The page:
Canadians oppose online spying bill
A recent opinion poll conducted by Forum Research shows strong opposition to the Canadian government’s proposed online spying legislation.
The poll shows that 73 percent of Canadians oppose C-13, with just 15 percent approving, a ratio of nearly 5 to 1 opposed.
Bill C-13 would give police new powers to monitor the private data of Canadians. C-13 was tabled as a “cyberbullying” law but also includes clauses to strengthen the power of various government officials to monitor mobile phones and other electronic data and track Canadian residents.
While a warrant is still required in most cases, the bill explicitly permits law enforcement officials to seek private information from telephone companies, who under the bill can voluntarily hand over certain subscriber data to police, border guards, or other officials, with full legal impunity.
Opposition to bill, according to the Forum Research poll, spans every age group and is strongest among 18-34 year olds (78 percent) and 55-64 year olds (74 percent). Opposition is consistent across income levels, particularly among those earning between $40,000 to $60,000 (78 percent) and $80,000 to $100,000 (78 percent) per year.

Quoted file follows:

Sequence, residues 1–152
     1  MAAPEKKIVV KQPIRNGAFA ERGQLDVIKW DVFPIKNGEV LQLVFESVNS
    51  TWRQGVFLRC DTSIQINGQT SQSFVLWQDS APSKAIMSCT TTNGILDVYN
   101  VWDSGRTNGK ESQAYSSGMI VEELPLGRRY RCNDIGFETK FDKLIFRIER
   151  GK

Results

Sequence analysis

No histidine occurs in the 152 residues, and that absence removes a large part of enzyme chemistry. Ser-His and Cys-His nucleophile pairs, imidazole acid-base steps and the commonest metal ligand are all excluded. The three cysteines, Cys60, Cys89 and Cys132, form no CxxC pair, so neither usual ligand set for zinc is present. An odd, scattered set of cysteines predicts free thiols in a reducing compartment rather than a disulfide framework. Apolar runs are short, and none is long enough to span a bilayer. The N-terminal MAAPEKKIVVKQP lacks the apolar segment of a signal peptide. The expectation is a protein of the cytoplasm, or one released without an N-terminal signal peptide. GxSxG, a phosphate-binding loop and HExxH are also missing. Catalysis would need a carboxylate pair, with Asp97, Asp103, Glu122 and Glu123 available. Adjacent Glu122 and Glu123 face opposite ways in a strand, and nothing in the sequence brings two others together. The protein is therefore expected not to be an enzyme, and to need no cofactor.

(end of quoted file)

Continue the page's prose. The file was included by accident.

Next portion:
Civil liberties groups and privacy commissioners across Canada have expressed a tremendous amount of concern about the proposed legislation.
“This poll reflects how Canadians have come together from right across the political spectrum to oppose the government’s reckless and irresponsible spying bill,” said Steve Anderson, Executive Director of OpenMedia, an advocacy group that promotes digital privacy. “This government has a terrible track record on privacy and I hope this poll will encourage it to pull back on its insulting and reckless online spying legislation.”
BiometricUpdate.com recently reported that a major report in Canada was released which found that surveillance in Canada is expanding, mostly unchecked, into every facet of life. In response, Canadian academics and privacy groups mobilized to issue a statement against mass spying efforts pursued by government.
“Privacy is a fundamental human right and a core Canadian value,” Anderson said. “The government has mismanaged our data security and it’s past time we begin to address the privacy deficit they’ve put this country in.”
Civil liberties groups began expressing concern when Chantal Bernier, Canada’s Interim Privacy Commissioner, first revealed a document showing that telecoms already receive data requests from government agencies and had processed over 1.2 million requests in 2011. Bernier noted that the most “troubling aspects” about the bill include “a lack of accountability and reporting mechanisms”.
The Supreme Court of Canada also ruled last month that “warrantless spying” is unconstitutional, putting the proposed bill, and the government’s entire online surveillance strategy, in jeopardy.